Referring to FIGS. 1-9, a handle system has at least two, and preferably four or five, segments 10 disposed adjacent to one another along a length of a center sleeve 12. Each segment 10 may encircle the sleeve. Each segment 10 has a first edge 14 and an opposite second edge 16. The respective edges of the adjacent segments 10 are facing one another. Preferably, each edge 14, 16 has a respective projection 18 or counterbore 20 although a projection and counterbore are not essential. The projection 18 on the edge 14, 16 of one segment 10 cooperates with the counterbore 20 in the edge 14, 16 of the adjoining segment 10. The end segments do not necessarily have either a projection or a counterbore on the edge which is distal from the other segments. The configuration of adjacent projections 18 and counterbores 20 permits the plurality of segments 10 to nest together. Separation of the segments 10 over a distance not greater than the width of the respective projections 18, maintains a cover over the center sleeve 12. In this manner, the segments 10 may be slid axially with respect to one another to accommodate the fingers of the user while the center sleeve 12 is covered over approximately the length of the center sleeve 12. End caps or means to secure the outermost segments 10 to the center sleeve 12 limit the extent of sliding movement of the segments 10 between the outermost (or first) segments.
If desired, a longitudinal key means is formed between the segments 10 and the center sleeve 12. The key means may be one or more keyways 22 formed on the inner surface of each segment 10 and a corresponding key 24 formed along the length of the center sleeve 12. Alternately, the keys 24 may be formed on the inner surface of each segment 10 and one or more keyways 22 formed along the length of the center sleeve 12. In this manner, the segments 10 are prevented from rotating around the center sleeve 12. In a further embodiment, each segment 10 may be keyed to the adjoining segment 10 to limit rotation with respect to each other (FIG. 6).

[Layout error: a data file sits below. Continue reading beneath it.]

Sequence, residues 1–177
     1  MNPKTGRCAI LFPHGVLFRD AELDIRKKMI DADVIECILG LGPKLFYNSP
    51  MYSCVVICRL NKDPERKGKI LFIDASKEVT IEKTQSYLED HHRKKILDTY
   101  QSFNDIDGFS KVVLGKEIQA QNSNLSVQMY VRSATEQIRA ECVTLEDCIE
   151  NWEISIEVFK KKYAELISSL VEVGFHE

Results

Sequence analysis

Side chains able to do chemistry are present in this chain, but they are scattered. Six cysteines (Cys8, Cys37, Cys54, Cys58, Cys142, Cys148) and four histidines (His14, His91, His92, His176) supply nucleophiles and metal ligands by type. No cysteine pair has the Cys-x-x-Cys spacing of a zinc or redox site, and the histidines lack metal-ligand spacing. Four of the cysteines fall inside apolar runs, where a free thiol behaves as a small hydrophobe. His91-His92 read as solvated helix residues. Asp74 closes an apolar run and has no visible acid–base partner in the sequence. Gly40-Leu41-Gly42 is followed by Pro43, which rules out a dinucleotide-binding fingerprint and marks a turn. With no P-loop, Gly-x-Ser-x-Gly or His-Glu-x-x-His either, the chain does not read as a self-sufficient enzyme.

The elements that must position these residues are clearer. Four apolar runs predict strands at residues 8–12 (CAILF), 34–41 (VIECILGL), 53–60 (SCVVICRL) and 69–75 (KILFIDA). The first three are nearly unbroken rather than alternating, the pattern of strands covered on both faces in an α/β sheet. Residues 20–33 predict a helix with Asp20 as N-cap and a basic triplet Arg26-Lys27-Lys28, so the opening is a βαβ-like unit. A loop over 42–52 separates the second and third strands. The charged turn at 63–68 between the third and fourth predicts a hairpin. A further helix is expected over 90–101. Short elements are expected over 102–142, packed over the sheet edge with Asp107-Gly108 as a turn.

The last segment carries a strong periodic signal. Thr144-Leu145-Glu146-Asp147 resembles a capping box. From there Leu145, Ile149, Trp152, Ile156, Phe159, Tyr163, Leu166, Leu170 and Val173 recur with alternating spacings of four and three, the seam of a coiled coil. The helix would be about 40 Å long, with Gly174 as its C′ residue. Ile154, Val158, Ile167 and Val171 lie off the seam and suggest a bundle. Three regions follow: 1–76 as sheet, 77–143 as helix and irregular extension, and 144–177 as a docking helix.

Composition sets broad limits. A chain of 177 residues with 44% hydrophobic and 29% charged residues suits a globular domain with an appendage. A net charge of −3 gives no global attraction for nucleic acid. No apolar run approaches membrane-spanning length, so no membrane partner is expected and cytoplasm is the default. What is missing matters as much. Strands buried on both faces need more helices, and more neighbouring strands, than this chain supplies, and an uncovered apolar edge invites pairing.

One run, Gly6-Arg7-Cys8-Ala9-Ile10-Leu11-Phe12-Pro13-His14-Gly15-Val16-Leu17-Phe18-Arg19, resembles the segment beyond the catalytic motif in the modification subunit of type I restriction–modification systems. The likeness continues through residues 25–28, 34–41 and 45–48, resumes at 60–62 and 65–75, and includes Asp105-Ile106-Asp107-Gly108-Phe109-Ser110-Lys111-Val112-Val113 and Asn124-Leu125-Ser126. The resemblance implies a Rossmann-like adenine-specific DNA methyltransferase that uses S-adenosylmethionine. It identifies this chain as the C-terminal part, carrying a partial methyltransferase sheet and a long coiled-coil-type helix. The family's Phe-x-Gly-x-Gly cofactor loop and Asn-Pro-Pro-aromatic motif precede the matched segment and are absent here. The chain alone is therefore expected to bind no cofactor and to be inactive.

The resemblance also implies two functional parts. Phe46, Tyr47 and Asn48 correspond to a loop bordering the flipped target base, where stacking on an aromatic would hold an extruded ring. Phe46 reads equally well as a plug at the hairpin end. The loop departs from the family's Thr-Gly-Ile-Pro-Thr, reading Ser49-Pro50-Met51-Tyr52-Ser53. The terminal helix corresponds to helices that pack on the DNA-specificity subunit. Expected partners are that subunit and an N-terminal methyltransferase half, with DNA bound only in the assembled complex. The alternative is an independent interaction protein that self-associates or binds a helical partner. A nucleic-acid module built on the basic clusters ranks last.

In the preferred one embodiment, the outer surface of each segment 10 has a groove 26 formed therein to receive the respective finger of the user's hand. Preferably, the groove 26 is centrally disposed between the edges 14, 16 of the segment 10. The surfaces adjoining the respective edges 14, 16 are thereby elevated with respect to the groove 26 (FIG. 2) and the elevated surface of adjacent segments 10 are disposed between the fingers of the user's hand (FIG. 7). It is preferred that four segments 10 be located adjacent to one another to accommodate the four fingers of the user's hand. Preferably, all of the ridges 1L4, 16 are of the same size except the first edge 14' and second edge 16' of the respective end segments 10 are approximately 1/4 inch smaller in total height (FIG. 3).
In an alternate embodiment, a center ridge 28 is formed in each segment 10. The surfaces of the respective segment 10 on either side of the ridge 28, and adjoining the respective edges 14, 16, are depressed with respect to the center ridge 28 (FIG. 6). The fingers of the user's hand are disposed over the depressed surfaces on adjacent segments 10 and the center ridges 28 are disposed between the fingers of the user's hand. It is preferred that three segments 10 be located adjacent to one another to accommodate the spacing between the four fingers of the user's hand and in addition, a pair of end segments be provided to be fitted to the little finger and index finger of the user's hand.
The segments 10 of either embodiment preferably are disposed on a center sleeve, however, the segments 10 may be slid directly over the handle of a tool, where the handle serves as the center sleeve.